What qualifies for R&D tax relief in Robotics? – Case Studies

Here we share with you real-life, practical examples of companies involved in robotics projects in various sectors, allowing them to qualify for a generous tax benefit to inject back into their business.

Published/updated:

24 May 2022

In this challenging and uncertain economic climate, investing in innovation is an invaluable way for businesses to build resilience.

This is, of course, easier said than done at a time when many companies feel that investing precious resources in R&D or innovation isn’t their top priority. Luckily, there’s a wide variety of government-backed funding mechanisms available to incentivise research and development and drive forward business growth.

It can however be tricky figuring out which of your projects or activities qualify to receive vital innovation funding.

Here we share with you real-life, practical examples of companies involved in robotics projects in various sectors, allowing them to qualify for a generous tax benefit to inject back into their business.

CASE STUDY #1: EDUCATION

ABGI-UK successfully completed a series of R&D relief claims for one client designing and making a small, low-cost, walking robot intended for educational use, the robot equivalent of the Raspberry Pi computer as it were.

Despite the small size of the robot the company’s eligible R&D activity extended across a wide range of elements of robotics:

  • The design of the robots legs to enable it to walk, dance and kick a ball; this work resolved uncertainties concerning the number of articulated joints used, the springs and closed-loop kinematic linkages required to support the necessary ranges of motion at each joint, the gait design, the number and power of servo-motors to use.
  • The design and integration of the electronics fit to enable early robotics learners to use a basic set of capabilities (such as walking) but to support more advanced users in programming all aspects of the robot’s behaviour; the robot uses a small single-board microcontroller, but its capabilities can be extended by the addition of sensors (such as touch sensors and a camera) or upgraded by the addition of a Raspberry Pi.
  • Resolving the issues which emerged when moving from a prototype, whose plastic parts were made on a 3D printer, to an initial production run using injection-moulded plastic parts; the difference in plastics used meant that friction at joints was different, and that wear on moving parts was also different, these factors in turn required further development of the robot’s leg design and gait.

CASE STUDY #2: AUTOMOTIVE

An ABGI client involved in developing machines and tooling for the automotive manufacturing sector was involved in adapting existing manufacturing lines to accommodate the production of plug-in hybrid electric vehicle models within a legacy powertrain assembly line dealing with petrol and diesel vehicles. Projects eligible for R&D tax relief included:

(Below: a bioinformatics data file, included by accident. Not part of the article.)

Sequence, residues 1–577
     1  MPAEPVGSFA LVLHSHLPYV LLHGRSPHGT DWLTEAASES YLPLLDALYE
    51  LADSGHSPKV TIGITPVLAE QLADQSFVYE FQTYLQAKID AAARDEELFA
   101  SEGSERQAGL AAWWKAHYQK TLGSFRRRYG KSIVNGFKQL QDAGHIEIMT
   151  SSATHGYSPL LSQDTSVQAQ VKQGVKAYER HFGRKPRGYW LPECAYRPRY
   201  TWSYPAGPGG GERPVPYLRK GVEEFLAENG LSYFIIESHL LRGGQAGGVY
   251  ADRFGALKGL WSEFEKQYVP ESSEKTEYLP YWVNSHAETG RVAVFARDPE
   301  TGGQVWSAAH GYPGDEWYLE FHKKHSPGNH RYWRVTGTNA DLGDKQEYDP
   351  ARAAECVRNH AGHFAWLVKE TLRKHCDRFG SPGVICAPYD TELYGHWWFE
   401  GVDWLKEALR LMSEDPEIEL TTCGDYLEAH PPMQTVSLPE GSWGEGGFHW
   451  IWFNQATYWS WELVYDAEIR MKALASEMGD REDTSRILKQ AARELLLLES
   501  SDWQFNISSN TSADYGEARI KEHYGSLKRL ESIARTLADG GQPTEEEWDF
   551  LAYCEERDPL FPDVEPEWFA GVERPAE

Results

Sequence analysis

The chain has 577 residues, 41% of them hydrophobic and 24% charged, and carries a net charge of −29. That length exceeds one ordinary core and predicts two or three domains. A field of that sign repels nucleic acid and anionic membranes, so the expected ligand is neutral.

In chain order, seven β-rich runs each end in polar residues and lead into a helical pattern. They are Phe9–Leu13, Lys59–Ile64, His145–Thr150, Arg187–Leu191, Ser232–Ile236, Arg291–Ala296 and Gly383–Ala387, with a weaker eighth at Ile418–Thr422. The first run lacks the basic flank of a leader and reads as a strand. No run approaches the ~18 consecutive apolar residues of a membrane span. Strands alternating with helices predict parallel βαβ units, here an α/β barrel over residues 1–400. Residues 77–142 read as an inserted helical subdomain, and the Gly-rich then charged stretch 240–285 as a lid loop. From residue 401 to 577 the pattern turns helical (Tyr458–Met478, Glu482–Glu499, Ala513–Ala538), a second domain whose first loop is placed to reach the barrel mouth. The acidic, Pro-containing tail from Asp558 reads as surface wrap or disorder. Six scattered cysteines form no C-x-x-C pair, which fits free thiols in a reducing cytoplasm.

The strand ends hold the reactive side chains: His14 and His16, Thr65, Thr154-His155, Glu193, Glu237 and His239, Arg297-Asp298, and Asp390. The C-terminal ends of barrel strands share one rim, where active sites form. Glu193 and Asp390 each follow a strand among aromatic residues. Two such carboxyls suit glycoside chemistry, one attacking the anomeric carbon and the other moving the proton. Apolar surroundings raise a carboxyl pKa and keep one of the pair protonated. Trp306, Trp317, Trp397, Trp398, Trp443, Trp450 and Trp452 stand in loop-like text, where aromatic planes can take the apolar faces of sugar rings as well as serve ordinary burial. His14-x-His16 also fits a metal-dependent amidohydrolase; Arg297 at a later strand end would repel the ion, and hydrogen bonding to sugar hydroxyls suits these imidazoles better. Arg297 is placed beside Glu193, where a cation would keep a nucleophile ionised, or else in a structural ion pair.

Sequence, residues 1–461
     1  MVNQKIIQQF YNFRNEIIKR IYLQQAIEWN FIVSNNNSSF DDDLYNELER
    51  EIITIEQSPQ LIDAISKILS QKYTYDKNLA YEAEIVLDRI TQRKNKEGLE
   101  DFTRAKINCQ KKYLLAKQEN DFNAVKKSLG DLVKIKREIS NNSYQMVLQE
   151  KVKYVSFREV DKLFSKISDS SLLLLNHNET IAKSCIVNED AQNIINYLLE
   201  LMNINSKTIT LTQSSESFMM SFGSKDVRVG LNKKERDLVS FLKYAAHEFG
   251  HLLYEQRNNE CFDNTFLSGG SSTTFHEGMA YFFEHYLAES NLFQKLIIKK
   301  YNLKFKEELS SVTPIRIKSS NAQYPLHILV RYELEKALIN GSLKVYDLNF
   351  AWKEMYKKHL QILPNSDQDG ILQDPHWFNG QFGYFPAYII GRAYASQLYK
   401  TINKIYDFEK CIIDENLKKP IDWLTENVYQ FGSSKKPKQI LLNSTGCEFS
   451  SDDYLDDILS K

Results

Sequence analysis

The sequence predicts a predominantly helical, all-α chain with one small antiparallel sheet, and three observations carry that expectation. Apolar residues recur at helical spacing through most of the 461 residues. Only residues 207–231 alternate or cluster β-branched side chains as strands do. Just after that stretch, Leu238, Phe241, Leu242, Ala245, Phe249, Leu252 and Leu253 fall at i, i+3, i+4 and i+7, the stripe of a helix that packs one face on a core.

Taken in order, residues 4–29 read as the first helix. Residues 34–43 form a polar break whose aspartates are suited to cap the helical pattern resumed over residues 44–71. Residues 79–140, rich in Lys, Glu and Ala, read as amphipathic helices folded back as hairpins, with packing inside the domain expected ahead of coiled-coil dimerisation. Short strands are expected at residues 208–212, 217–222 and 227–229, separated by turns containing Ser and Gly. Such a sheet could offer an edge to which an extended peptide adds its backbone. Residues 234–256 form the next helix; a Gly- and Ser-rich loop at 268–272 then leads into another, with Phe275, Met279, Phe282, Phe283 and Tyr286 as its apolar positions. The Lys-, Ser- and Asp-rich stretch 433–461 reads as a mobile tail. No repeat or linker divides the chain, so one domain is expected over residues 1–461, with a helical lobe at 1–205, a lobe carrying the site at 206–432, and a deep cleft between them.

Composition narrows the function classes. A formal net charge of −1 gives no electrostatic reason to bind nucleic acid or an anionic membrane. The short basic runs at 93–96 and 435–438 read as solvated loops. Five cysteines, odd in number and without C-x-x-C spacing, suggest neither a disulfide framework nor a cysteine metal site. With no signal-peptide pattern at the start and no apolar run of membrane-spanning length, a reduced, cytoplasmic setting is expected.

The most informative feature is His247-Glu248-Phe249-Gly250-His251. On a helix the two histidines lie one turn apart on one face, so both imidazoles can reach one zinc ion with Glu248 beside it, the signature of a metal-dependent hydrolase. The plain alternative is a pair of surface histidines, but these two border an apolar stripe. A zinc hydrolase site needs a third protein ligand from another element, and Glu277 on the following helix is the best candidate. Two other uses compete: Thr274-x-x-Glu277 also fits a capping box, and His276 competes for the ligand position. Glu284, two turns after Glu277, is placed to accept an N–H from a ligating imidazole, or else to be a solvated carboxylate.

• Development of more flexible assembly fixturing to accommodate the variability in length of gearboxes between petrol, diesel and electric vehicles.
  • Development of a flexible and adaptable power train marriage system to assist training assembly operators. It was technologically challenging to develop a multi-flexible system for production spanning a series of models within the tight spatial constraints specified for plant operator and
    equipment access.
  • Development of a more flexible universal component handling end-effector able to deal with a wide range of components across the manufacturing operation from warehouse to manufacturing line and on to packing. The challenge was designing a universal end-effector that was flexible enough to successfully transfer various sizes, geometries and weights of component from different sizes and types of packaging.

CASE STUDY #3: AUTOMATION

A company involved in automation solutions undertook a number of R&D projects, allowing them to qualify for R&D tax relief from the UK government, including:

  • Development and manufacture of a robot-mounted automatic gun for the fastening of high-strength rivnuts. During the development the company had to address the technical challenges relating to the effect of excessive vibration on the consistency and accuracy of fastener positioning.
  • The automation of shearing operations for improved health and safety in metal forming processes. The main technical challenge was developing consistency in the accuracy and quality of repeated shearing processes.
  • The development of an effective automated laser welding process for extruded 6000 Series aluminium panels. As aluminium extrusions have a tendency to twist and deform the company needed to develop an effective feedback and control process to ensure consistent gap control between panels.

CASE STUDY #4: EXTENDED REALITY

And finally, this ABGI client operating in extended reality, benefitted from claiming R&D Tax Credits on their robotics development projects:

  • An ABGI client created a remotely controlled robotic figure to develop a lifelike robotic figure which was remotely controlled via a motion capture suit, including facial control. The company is tackling a range of challenges relating to limited space for the required components, development of realistic control surfaces, power constraints due to
    battery operation and the utilisation of a combination of “off the shelf parts” and
    in-house development components and controls.

By accessing the wide range of support available, from the inception to the commercialisation of robotics innovation projects, UK companies can start looking to the future and ensure they are competitive in the global market.

Talk to ABGI if you would like to learn more about how you could leverage funds back into your business through claiming innovation funding at every stage of an R&D project

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